|Plastics Industries Opportunities for 2012|
|by Laurie Harbour and Scott Walton, Harbour Results, Inc.|
|Outlook Winter 2012|
Plastic processors live in an industry that changes day-by-day or even minute-by-minute,
so as December fades into the distance, many companies will look to the past and attempt
to project into the future to see what is in store.
Has the end of the economic turmoil been seen?
Enumerating the Challenges The economy still is not rotating, despite all the changes that occurred in 2011. Unemployment remains at record high levels and as much as the government tries to create jobs, it still is not happening at the pace politicians would like. The crisis in Europe and its impact on currency are having a substantial effect on the US economy. The world stock markets are on a significant roller coaster, and no one can predict when or if stabilization will occur.
The effect of China and other low cost countries on the US manufacturing base is changing yet again. In 2011, the Chinese government instituted a mandatory 15-percent wage increase across the entire workforce. Additionally, the Chinese Government is anticipating more wage increases over the next five years as it works to grow the middle class and skill level within China. This will surely change the calculation of outsourcing to low cost countries and begin to level the playing field. Let’s not kid ourselves though – in 2012, China will continue to be a manufacturing powerhouse even with these unprecedented increases in cost. Chinese manufacturers are working on the right tactics to create sustained manufacturing excellence across multiple facets of their value proposition.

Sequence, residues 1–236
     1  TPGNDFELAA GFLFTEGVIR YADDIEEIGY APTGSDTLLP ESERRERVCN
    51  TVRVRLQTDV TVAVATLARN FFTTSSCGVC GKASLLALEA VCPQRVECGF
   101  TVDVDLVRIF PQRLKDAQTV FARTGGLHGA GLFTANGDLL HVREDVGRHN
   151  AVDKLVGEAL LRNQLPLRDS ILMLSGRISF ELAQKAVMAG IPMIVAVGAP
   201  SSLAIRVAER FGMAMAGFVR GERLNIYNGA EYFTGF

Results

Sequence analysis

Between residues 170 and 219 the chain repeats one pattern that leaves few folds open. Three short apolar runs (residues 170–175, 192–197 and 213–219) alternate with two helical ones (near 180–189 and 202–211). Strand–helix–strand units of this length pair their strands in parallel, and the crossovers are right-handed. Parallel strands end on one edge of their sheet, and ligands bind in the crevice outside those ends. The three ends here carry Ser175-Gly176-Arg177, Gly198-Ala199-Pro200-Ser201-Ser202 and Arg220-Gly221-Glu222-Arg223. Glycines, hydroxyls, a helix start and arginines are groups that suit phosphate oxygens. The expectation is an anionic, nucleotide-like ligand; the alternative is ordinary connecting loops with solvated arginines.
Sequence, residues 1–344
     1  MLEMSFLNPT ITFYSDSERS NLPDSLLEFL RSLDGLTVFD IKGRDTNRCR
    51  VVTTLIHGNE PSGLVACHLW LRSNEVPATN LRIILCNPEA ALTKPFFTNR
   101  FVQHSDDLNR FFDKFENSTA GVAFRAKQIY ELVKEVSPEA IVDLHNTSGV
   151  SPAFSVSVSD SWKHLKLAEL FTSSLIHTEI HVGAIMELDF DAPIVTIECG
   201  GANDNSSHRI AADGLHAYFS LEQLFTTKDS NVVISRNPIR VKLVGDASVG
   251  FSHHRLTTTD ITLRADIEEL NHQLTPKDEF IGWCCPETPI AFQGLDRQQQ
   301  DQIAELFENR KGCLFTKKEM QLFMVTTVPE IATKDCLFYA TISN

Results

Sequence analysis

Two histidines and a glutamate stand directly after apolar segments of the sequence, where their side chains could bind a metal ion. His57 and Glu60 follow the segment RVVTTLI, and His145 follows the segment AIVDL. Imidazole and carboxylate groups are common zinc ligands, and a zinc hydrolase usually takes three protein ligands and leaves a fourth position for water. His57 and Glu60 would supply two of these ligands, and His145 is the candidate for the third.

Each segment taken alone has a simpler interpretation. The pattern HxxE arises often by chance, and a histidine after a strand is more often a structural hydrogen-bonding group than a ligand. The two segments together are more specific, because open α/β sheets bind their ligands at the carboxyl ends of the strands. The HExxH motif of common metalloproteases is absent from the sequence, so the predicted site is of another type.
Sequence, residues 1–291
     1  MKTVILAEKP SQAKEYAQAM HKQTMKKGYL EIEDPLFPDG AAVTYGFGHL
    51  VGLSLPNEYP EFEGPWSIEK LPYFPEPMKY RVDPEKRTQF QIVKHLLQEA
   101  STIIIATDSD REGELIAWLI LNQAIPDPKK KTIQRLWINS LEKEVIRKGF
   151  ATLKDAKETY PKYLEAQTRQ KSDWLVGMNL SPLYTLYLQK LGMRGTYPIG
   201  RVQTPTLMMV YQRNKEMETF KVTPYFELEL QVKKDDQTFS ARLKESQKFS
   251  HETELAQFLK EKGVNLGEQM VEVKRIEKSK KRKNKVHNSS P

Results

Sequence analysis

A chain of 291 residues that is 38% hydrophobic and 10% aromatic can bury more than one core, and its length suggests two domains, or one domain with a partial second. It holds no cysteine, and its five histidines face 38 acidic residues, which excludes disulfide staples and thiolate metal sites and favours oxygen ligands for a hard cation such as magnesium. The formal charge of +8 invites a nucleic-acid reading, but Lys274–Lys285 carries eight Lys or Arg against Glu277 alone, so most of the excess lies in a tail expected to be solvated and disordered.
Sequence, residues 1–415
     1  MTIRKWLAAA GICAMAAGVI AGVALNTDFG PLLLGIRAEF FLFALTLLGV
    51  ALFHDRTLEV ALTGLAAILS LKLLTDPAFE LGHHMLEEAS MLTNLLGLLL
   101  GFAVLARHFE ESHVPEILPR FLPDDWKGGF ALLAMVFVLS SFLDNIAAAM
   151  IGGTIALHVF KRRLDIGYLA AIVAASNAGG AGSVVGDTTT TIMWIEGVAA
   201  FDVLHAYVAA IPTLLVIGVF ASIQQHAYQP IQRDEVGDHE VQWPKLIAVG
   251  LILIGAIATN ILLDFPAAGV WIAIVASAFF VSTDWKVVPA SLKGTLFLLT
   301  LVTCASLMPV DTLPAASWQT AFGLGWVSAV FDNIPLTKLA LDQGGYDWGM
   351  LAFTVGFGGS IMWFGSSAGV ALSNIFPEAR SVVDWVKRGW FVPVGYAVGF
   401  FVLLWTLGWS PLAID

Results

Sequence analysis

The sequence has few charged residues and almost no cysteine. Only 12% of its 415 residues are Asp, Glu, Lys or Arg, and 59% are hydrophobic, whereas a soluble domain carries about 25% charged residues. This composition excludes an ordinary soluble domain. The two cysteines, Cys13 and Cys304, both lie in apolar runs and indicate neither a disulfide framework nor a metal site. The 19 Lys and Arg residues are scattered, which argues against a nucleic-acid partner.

Economics were, no doubt, overshadowing all else in 2011 and left many muttering under their breath, “Been there, seen that, done that.” 2012 will bring another economic cycle, up and down, but plastics are now a fact of life. No matter how soft or unpredictable the economy becomes, polymers will continue to increasingly drive applications across multiple markets and industries. Even if fewer tablet computers and mobile phones are sold, they will still be made of plastic.